Cartoon by Kyle Horne

The paper’s resident cartoonist Kyle Horne also received an Honorable Mention in the Best Editorial Cartoon category for an illustration related to the Town of Brookhaven’s redistricting process with the judge commenting, “I like the local angle this takes, even though it could be a cartoon drawn for any place in the country, following redistricting.”

Photographer Steven Zaitz won second place in the Best Picture Story category for his coverage of the Town of Smithtown’s Memorial Day Parade. “Good variety of parade photos. Clear photos, good composition and lots of expression!” wrote the judge.

TBR News Media’s annual supplement Harvest Times by editor Heidi Sutton received two third place awards — one for Best Special Section Cover and another for Best Special Sections/Niche Publications in Newsprint — with the judge commenting, “Love the entire fall theme, from festivals, farms to seasonal soup and pie recipes. Creative use of color. Layout is very readable.”

Art/Production Director Beth Heller Mason received an Honorable Mention for Best Small Space Ad for the design of the Pazzo Ristorante and Wood Fired Pizza ad in TBR’s Arts & Eats supplement. “The flames and brick in the background tell you that this is brick oven pizza without ever saying it in words. The ad tells me this is no ordinary pizza!” wrote the judge.

Rounding out the awards, Classifieds Director Sheila Murray won second place in the Classified Advertising category. “I like the way the designer used different line weights to separate sections. Also, the use of white space above and below the line ads makes the pages not feel so cluttered and makes it easier to read the ads. Sometimes designing in black and white can be challenging, but this layout is an example of how to do it right. This was very close between first and second places,” wrote the judge.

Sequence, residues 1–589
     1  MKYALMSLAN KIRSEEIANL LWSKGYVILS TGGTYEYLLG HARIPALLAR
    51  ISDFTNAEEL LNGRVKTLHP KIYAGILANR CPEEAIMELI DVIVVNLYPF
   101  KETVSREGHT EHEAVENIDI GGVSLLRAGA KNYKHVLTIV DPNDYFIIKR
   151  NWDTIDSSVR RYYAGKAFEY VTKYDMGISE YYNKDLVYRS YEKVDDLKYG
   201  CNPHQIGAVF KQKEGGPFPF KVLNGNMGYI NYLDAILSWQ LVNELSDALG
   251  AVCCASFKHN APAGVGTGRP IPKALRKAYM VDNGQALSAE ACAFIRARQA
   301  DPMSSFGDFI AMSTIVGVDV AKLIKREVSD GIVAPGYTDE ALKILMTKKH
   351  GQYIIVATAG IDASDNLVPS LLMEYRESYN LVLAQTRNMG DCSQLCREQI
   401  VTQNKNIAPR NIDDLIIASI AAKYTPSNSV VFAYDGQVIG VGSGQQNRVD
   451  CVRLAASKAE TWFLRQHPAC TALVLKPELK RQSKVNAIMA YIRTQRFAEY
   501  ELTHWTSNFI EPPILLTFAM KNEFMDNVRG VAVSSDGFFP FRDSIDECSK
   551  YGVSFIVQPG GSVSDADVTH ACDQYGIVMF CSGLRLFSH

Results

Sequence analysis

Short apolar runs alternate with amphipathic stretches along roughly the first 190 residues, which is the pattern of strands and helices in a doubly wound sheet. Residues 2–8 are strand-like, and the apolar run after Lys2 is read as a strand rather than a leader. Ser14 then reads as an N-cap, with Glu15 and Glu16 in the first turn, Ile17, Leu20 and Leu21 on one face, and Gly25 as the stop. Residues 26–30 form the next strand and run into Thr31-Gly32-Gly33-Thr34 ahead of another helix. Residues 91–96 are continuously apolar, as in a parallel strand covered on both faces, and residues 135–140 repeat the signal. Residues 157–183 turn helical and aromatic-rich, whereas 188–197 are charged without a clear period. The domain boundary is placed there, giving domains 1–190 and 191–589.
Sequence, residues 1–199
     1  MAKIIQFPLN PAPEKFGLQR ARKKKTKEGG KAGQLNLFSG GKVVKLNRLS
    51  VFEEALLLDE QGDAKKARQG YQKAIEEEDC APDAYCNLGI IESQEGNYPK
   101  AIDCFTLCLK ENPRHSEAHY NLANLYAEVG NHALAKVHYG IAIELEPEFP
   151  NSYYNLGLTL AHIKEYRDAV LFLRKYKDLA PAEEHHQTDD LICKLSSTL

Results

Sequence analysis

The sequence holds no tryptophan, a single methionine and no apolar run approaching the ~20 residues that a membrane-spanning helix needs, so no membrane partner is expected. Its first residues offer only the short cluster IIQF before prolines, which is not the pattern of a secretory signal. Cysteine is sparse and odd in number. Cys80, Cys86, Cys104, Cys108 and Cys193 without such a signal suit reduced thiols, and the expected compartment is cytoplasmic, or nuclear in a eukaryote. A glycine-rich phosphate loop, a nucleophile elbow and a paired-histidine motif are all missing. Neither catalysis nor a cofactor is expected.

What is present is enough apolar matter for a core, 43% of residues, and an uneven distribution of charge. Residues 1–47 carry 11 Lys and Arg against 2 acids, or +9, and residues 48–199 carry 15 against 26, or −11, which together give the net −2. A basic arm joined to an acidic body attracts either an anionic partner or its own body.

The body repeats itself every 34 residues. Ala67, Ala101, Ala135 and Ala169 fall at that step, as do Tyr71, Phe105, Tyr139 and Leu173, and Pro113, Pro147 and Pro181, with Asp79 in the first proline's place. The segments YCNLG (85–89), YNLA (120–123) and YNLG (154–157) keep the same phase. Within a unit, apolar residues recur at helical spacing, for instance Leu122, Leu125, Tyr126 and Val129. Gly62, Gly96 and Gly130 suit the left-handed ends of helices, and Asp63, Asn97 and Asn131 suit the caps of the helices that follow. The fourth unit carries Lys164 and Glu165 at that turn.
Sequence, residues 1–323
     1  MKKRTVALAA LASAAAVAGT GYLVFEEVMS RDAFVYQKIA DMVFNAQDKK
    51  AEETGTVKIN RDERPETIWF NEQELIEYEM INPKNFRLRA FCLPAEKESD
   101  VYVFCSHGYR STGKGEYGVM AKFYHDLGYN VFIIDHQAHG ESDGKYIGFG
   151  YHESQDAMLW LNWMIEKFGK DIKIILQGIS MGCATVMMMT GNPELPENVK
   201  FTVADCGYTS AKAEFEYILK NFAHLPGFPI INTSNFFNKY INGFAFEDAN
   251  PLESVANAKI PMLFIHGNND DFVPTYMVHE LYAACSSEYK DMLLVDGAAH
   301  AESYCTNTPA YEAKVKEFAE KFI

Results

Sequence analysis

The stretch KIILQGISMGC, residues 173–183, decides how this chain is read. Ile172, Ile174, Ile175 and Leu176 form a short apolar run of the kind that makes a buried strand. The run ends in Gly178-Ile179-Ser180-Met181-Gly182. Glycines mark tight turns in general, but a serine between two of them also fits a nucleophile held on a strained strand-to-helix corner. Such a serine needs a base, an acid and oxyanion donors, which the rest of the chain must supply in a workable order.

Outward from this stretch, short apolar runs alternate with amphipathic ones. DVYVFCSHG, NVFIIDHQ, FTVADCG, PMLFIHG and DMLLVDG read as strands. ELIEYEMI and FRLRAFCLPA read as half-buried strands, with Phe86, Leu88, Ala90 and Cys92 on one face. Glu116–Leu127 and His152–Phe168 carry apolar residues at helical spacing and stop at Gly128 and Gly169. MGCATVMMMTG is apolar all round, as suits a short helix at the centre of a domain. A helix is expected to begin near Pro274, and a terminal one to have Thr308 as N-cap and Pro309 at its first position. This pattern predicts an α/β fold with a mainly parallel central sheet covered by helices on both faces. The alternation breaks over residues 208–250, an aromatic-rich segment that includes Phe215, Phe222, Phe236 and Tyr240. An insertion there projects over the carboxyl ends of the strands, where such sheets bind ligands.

“I’m tremendously proud of our staff and grateful for their commitment to excellent journalism. I’m delighted that the awards represent the breadth of our talent, from writing to advertising to art,” said TBR News Media publisher Leah Dunaief. “In addition to it being our job, it is our pleasure to serve our communities.” For a full list of winners, visit nynewspapers.com/nypa.

The cast of 'Side By Side By Sondheim'. Photo by Steven Uihlein/Theatre Three Productions, Inc.

By Rita J. Egan

The cast and crew at Theatre Three have once again created an entertaining production of music and laughs with Side by Side by Sondheim. The show debuted on the Port Jefferson stage Feb. 18. 

Countless songs throughout the decades have been loved for generations, and Broadway tunes are no exception. The late composer and lyricist Stephen Sondheim is among the talents who created those gems, and Side by Side by Sondheim is a testament to his immense talent by celebrating his earlier works.

From left, Linda May and Emily Gates in the duet ‘If Momma Was Married’ from Gypsy.